Monday, June 30, 2014

progress report


in which our plucky heroine surveys progress in ways large and small...

Decided to go ahead and set one of the Anglo Saxon enamels, as a brooch inspired by the historic settings. The entire brooch is 27mm across the widest dimension, so very very small indeed... The small glass spheres, which are less than 2mm diameter, I made by melting individual seed beads into spheres... the torch I have was not the correct setup for that, but it did work, though it blackened more than half of each sphere.

As I don't have any high-copper bronze, and am not going to fire-gild* the setting, I chose to use brass sheet metal for the setting, and I did have a small piece of serrated bezel in brass which I used for the enamel bezel (as I feel that the serrated edge puts less pressure on the enamel than straight bezel wire) I used RTV glue to hold the tiny glass spheres in the circular collars on each of the seven lugs. So this brooch is an interpretation, rather than a strict re-creation, but I am still quite pleased with the effect.

I plan on making more settings, refining the design to more accurately reflect the originals (trying out using straight brass bezel wire, and consulting with my glass guru Jen Ariadne about possible alternate ways to make tiny glass spheres)

*Fire-gilding, also known as mercury gilding, is an ancient method of gilding non-precious metal, involving making an amalgam of gold and mercury, then driving off the mercury with heat, leaving behind the gold on the surface of the material. It is both lovely and durable, but a very toxic process, unsuitable for home use, and modernly superseded by other, differently toxic, methods of gold deposition.
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June was a productive month, though it sure didn't feel like one! Made good progress on catching up on the SMART goals. The things made category is only two behind, things fixed is only five behind, and even the furthest behind, things gone, was more than halfway improved, with eleven out of eighteen... I am starting to feel like this year long challenge will be a success, my efforts are improving things.

June SMART goal challenge
# THINGS MADE THINGS FIXED THINGS GONE
1 thread-winders SR silver chain  backyard yardwaste
2 red rose
heart pendant
backyard meadow
mowed
bag to paper recycling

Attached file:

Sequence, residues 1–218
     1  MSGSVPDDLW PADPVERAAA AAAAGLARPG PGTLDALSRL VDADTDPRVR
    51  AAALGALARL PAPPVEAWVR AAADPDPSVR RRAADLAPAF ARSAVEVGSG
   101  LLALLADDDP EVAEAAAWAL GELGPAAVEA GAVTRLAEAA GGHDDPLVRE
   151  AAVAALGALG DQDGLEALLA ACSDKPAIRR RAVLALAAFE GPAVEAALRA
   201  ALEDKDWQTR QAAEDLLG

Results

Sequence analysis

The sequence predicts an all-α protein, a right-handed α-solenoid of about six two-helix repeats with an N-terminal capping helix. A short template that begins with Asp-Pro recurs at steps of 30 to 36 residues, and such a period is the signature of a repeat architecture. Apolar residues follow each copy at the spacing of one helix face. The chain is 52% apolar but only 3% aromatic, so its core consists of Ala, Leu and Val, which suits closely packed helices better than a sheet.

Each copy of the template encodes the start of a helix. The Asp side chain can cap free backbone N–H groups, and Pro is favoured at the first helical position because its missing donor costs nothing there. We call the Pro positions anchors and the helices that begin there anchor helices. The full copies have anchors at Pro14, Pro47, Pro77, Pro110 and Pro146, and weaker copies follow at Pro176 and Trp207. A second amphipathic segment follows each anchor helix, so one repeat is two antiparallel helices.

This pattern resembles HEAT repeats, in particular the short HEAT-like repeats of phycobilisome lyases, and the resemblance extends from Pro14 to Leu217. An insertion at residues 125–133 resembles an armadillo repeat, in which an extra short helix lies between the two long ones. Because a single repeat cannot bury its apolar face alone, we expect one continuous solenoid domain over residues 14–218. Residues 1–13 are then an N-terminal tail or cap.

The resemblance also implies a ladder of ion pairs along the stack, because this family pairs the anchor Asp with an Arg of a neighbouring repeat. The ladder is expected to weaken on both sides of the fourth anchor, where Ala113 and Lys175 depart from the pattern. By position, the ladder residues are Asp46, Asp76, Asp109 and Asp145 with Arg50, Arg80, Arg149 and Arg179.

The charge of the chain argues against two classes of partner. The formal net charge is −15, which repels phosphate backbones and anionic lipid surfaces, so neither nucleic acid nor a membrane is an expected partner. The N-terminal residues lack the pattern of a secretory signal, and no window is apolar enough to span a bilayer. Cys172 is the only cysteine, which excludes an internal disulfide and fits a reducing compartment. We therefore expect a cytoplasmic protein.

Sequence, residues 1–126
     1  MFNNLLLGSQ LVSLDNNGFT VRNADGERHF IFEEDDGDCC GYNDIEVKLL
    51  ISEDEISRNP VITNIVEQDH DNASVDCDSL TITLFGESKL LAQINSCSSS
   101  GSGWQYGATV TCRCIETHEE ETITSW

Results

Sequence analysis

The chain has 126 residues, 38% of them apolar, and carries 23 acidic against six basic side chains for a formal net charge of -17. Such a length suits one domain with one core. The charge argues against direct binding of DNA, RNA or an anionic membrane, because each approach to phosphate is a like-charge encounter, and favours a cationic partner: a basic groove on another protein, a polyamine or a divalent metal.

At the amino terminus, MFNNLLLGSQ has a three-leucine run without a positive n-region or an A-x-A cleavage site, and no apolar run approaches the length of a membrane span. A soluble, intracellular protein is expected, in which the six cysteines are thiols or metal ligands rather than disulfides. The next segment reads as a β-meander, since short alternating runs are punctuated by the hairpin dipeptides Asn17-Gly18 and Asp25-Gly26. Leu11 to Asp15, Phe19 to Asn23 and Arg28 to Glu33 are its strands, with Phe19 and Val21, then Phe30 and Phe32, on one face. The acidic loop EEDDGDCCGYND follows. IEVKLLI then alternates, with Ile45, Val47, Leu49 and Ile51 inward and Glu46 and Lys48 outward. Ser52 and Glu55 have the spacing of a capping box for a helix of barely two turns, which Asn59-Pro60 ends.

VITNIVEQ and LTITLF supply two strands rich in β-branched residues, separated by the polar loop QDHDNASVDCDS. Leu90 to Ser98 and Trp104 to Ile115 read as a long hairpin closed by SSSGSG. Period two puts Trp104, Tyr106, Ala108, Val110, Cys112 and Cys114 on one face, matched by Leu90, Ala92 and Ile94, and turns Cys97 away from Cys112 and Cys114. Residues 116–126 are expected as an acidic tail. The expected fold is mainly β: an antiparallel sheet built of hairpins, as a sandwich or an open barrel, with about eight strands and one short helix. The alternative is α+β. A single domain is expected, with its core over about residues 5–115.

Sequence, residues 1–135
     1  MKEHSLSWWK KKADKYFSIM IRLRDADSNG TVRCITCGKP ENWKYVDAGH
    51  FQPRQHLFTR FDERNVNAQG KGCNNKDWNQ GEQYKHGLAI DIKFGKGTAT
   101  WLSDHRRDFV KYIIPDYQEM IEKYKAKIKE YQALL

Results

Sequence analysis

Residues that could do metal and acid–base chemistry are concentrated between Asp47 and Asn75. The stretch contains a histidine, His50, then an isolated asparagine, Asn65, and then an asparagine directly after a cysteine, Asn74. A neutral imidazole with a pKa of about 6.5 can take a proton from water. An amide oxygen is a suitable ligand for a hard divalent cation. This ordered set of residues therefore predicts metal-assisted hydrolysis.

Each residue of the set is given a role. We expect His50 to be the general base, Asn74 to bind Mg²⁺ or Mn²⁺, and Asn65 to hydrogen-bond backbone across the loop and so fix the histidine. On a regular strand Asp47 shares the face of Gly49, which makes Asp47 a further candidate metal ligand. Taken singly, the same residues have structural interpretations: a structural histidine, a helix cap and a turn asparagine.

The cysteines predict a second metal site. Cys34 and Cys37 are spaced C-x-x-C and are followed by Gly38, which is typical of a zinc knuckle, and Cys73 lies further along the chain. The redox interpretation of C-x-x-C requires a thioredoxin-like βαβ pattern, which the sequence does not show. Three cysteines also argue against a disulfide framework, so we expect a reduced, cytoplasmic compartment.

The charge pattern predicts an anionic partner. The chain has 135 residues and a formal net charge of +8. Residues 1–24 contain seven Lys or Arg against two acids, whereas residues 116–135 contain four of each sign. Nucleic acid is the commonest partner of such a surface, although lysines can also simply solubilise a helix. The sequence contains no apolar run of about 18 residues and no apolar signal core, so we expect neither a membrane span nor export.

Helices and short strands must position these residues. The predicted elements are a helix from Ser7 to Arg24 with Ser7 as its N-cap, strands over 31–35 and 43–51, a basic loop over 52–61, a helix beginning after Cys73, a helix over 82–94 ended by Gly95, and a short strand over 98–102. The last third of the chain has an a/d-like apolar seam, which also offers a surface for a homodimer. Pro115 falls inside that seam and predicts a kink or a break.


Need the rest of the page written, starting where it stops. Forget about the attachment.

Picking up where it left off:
3 red rose earrings half craftwall
organised
bag to paper recycling
4 2nd sports bra sleeve bands
on green gown
bag to paper recycling
5 duvet cover SPQR pendant
setting
metal scrap to recycling
6 embroidered
red horses
craftwall
organised
bag to Goodwill
7 nine tiny enamels workbench
cleared
bag to Goodwill
8 green silk
underdress
SR brooch setting paper recycling
9 * setting for one
Anglo Saxon enamel
bag to Goodwill
10 * * bag to Goodwill
11 ---------- * bag to paper recycling
12 ---------- * *
13 ---------- * *
14 ---------- ---------- *
15 ---------- ---------- *
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18 ---------- ---------- *
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... leading up to...
July SMART goal challenge
# THINGS MADE THINGS FIXED THINGS GONE
1 * *  *
2 * * *
3 * * *
4 * * *
5 * * *
6 * * *
7 * * *
8 ---------- * *
9 ---------- * *
10 ---------- ---------- *
11 ---------- ---------- *
12 ---------- ---------- *
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3 comments:

  1. thank you Ruthie! Every now and again I become all obsessed with a project, sometimes it is a sewing challenge, and right now it is these tiny 10th/11th c Anglo Saxon enamels... I think that part of why they are so fascinating to me is that there are quite a few that have been found, which makes me think that they were a more common but still high status object, rather like some of our own high status accessories. They may have been worn by people and then sadly lost... though their loss is our gain, to find a thousand years in the future... Most of the archaeological finds of these were made by people out in fields with metal detectors, rather than from graves or excavations...

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  2. Your enamels are really gorgeous! And I love the tiny size and the history you've based them on. I can easily imagine a little brooch escaping from its owner and falling to the ground to hide for a thousand years.

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